Latest information on COVID-19

Stanford Medicine is closely monitoring the COVID-19 pandemic. Get the latest news on COVID-19 testing, treatment, tracking data, and medical research.

Racism and discrimination are direct affronts to Stanford Medicine?s values. Read our leaders? pledge on racial equity.

A leader in the biomedical revolution, Stanford Medicine has a long tradition of leadership in pioneering research, creative teaching protocols and effective clinical therapies.

Analyzing a national cancer database, Stanford Medicine researchers find a bump in diagnoses at 65, suggesting that many wait for Medicare to kick in before they seek care.

Our scientists have launched dozens of research projects as part of the global response to COVID-19. Some aim to prevent, diagnose and treat the disease; others aim to understand how it spreads and how people?s immune systems respond to it.

A Stanford Medicine team offered guidance in crafting a COVID-19 response for the Oglala Lakota Nation.

Medical students recently learned where they would be heading for their residencies.

Sharon Hampton is focusing on patient equity as a nursing leader at Stanford Health Care. Getting to know patients and staff is key, she says.

School of Medicine


Showing 1-10 of 59 Results

  • Jagannath Padmanabhan

    Jagannath Padmanabhan

    Postdoctoral Research Fellow, Plastic and Reconstructive Surgery

    Bio Jagannath (Jagan) Padmanabhan, PhD is a postdoctoral research fellow in Dr. Geoffrey Gurtner?s laboratory in the Department of Surgery at Stanford University. He is a bioengineer by training (PhD, Yale University 2016) and his research interests lie at the interface of bioengineering, surgery and data science. In Dr. Gurtner's lab, Jagan is exploring the role of mechanical signaling in biomedical implant failure. He also contributes to the development of novel biomaterials for wound healing applications. He uses single cell sequencing, bioinformatics, bioengineering tools, small animal surgical models and clinical specimens to interrogate fibrotic events at the biomaterial-tissue interface and during wound healing.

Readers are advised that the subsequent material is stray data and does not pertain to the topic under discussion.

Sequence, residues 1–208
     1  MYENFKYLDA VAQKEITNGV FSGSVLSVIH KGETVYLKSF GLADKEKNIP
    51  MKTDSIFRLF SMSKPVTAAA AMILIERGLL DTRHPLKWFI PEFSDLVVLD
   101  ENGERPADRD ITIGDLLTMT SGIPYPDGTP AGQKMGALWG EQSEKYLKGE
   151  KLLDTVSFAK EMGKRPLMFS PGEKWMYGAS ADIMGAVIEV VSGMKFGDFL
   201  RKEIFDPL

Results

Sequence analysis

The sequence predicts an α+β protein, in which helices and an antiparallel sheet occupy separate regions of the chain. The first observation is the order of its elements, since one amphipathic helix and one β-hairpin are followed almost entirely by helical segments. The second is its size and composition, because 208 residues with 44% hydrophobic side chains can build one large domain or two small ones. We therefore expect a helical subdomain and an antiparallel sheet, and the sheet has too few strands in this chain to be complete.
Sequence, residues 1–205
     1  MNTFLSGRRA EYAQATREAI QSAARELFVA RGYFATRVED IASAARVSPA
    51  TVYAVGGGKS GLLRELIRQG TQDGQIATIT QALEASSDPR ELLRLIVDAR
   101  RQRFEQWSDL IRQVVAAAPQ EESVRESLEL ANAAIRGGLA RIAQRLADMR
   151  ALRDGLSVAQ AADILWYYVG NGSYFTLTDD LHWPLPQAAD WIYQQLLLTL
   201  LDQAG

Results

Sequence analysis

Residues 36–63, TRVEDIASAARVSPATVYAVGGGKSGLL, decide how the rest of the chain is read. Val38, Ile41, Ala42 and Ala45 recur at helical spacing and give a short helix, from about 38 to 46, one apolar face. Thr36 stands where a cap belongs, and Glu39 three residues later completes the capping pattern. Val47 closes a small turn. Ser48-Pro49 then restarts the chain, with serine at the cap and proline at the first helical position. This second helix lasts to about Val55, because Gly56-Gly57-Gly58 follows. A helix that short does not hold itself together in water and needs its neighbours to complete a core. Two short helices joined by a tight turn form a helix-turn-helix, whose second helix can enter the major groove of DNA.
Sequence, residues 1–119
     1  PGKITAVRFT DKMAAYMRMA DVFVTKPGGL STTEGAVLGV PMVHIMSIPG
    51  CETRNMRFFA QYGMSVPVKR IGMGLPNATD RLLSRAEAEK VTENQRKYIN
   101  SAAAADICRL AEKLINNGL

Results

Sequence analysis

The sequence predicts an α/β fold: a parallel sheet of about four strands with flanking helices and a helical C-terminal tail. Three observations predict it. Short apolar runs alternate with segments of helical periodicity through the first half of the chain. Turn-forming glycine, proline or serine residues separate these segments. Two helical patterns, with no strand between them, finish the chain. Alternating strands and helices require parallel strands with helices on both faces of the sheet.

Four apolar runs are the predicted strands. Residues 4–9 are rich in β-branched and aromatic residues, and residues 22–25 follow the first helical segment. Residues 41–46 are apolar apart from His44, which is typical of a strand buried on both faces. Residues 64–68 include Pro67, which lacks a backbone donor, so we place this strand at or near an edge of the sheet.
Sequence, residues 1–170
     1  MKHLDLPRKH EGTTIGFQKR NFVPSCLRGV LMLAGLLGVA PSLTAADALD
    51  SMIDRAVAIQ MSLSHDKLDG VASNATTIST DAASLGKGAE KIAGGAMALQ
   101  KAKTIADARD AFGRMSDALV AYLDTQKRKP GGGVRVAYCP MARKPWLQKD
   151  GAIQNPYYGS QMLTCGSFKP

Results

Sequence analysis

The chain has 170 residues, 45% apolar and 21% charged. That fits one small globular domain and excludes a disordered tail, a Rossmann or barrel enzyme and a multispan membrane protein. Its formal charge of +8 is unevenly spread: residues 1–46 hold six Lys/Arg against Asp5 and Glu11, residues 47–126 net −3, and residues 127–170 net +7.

Jagan is also passionate about science education and public engagement with science. He teaches STEM courses for high school students in collaboration with the Stanford pre-collegiate Institutes every summer. He also runs a blog for scientists, seekers and skeptics at www.sciencers.org.

    Quick fact: Four languages and counting.

  • David T. Paik

    David T. Paik

    Instructor, Cardiovascular Institute

    Bio Dr. David Paik is instructor working with Dr. Joseph Wu at Stanford Cardiovascular Institute. At Stanford, his focus is to utilize single-cell RNA-sequencing technology to elucidate patient-specific mechanisms of various cardiovascular diseases, characterize embryonic heart development, and optimize differentiation of iPSCs to subtypes of cardiovascular cells. Dr. Paik received his BA in Biochemistry and Molecular Biology at Boston University (2010) and PhD in Cell and Developmental Biology at Vanderbilt University (2015). At Vanderbilt, Dr. Paik investigated the endogenous cardiac repair mechanisms in the adult heart following ischemic injury such as myocardial infarction, with focus on the role of Wnt signaling pathway on coronary vessel formation and plasticity of endothelial cells during cardiac tissue repair. During his PhD training, Dr. Paik completed HHMI/VUMC Certificate Program in Molecular Medicine, where he was supervised by his clinical mentor Dr. Douglas Sawyer to interact with congestive heart failure patients and to bridge clinical sciences with basic and translational cardiovascular research. Dr. Paik is currently supported by the NIH NHLBI K99/R00 Pathway to Independence Award.

  • Feng Pan

    Feng Pan

    Postdoctoral Research Fellow, Pathology